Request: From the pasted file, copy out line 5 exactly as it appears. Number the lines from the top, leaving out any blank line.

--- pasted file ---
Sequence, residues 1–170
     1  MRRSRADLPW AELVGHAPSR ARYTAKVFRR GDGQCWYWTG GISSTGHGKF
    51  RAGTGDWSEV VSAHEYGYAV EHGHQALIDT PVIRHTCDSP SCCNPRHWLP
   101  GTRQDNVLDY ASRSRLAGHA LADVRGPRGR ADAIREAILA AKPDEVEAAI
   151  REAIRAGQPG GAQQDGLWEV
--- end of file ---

   151  REAIRAGQPG GAQQDGLWEV